Receiving versus being denied an abortion and subsequent drug use

Roberts SC

Rocca CH

Foster DG

Drug and Alcohol Dependence
Jan 2014

BACKGROUND:

Some research finds that women receiving abortions are at increased risk of subsequent drug use and drug use disorders. This literature is rife with methodological problems, particularly inappropriate comparison groups.

METHODS:

This study used data from the Turnaway Study, a prospective, longitudinal study of women who sought abortions at 30 sites across the U.S. Participants included women presenting just prior to an abortion facility's gestational age limit who received abortions (Near Limit Abortion Group, n=452), just beyond the gestational limit who were denied abortions (Turnaways, n=231), and who received first trimester abortions (First Trimester Abortion Group, n=273). This study examined the relationship between receiving versus being denied an abortion and subsequent drug use over two years. Trajectories of drug use were compared using multivariate mixed effects regression.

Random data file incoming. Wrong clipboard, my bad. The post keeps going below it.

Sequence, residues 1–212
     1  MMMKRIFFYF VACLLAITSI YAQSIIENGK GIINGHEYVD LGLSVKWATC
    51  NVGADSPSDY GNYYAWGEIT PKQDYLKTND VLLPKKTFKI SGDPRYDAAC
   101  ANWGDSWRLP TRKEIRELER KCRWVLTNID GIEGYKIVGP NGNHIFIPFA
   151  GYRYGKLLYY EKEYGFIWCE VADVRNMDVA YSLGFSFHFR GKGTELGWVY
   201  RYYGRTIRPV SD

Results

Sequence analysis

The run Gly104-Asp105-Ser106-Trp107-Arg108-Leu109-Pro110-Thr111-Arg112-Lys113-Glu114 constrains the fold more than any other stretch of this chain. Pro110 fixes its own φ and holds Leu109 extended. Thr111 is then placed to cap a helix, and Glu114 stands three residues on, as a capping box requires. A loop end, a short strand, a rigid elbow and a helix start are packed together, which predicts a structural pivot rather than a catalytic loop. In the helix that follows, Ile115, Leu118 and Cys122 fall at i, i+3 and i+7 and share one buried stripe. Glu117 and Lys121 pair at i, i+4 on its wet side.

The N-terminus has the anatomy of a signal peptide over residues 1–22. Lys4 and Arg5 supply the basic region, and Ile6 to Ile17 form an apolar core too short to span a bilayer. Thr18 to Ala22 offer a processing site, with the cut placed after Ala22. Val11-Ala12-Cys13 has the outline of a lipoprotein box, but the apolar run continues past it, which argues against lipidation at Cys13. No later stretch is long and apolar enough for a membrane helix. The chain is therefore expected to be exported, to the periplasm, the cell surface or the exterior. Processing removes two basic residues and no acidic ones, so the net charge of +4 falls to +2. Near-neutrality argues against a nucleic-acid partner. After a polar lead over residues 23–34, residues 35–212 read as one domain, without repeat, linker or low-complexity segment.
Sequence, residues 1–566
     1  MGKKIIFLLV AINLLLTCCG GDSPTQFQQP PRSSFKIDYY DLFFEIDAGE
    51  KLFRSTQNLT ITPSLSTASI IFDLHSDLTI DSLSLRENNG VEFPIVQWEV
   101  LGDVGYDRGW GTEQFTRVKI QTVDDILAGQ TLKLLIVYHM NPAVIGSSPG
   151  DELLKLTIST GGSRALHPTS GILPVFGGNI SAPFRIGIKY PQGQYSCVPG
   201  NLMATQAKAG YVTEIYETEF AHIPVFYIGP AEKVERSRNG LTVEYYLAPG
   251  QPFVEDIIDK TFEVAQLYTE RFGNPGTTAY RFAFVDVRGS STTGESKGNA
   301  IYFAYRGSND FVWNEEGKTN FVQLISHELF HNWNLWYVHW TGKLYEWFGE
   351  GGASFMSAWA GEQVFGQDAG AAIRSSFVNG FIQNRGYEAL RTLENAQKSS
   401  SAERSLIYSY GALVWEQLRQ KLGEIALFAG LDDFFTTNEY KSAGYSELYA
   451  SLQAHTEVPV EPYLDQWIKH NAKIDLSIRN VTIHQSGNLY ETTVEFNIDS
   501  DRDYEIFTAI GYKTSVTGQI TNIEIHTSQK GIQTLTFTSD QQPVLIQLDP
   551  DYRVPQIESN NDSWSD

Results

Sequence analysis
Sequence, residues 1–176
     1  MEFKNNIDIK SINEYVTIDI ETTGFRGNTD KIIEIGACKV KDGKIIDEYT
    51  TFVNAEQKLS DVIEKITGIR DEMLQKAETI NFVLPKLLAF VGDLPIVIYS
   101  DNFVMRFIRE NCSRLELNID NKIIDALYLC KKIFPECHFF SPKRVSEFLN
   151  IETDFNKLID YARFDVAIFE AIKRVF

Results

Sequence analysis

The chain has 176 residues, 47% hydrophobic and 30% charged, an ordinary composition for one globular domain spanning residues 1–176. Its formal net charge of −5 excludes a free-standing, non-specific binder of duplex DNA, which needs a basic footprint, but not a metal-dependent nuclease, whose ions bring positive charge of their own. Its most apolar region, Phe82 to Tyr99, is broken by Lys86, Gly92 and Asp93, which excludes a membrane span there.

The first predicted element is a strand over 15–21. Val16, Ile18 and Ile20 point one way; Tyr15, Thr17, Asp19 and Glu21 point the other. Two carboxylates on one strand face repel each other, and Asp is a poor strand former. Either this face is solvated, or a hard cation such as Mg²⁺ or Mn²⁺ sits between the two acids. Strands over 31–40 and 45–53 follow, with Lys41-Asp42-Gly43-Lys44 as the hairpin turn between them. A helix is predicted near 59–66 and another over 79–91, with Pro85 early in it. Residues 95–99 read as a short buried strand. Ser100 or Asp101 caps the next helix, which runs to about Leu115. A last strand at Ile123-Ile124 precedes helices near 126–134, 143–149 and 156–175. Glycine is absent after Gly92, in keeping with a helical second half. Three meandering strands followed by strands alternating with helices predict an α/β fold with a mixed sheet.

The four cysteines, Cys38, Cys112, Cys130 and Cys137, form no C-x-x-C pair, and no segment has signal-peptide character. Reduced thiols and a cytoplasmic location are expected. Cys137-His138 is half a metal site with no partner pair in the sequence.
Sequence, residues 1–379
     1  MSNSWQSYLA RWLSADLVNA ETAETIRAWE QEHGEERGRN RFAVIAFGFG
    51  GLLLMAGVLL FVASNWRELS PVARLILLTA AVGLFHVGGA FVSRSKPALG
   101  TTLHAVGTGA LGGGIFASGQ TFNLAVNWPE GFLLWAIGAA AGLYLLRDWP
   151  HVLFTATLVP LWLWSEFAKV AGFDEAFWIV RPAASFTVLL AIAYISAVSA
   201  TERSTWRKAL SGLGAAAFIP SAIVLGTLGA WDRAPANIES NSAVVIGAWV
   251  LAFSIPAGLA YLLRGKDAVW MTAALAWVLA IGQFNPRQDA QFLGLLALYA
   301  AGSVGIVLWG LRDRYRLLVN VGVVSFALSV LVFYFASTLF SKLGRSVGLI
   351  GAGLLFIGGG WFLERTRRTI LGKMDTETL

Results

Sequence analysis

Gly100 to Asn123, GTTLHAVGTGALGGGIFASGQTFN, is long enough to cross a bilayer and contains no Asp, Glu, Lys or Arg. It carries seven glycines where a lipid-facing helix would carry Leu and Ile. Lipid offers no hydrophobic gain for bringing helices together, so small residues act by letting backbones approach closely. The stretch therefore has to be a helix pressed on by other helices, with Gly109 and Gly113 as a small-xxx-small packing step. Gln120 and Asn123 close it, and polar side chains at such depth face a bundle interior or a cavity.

RESULTS:

Any drug use, frequency of drug use, and marijuana use did not change over time among women in any group. There were no differential changes over time in any drug use, frequency of drug use, or marijuana use between groups. However, Turnaways who ultimately gave birth increased use of drugs other than marijuana compared to women in the Near Limit Abortion Group (p=.041), who did not increase use.

CONCLUSIONS:

Women receiving abortions did not increase drug use over two years or have higher levels of drug use than women denied abortions. Assertions that abortion leads women to use drugs to cope with the stress of abortion are not supported.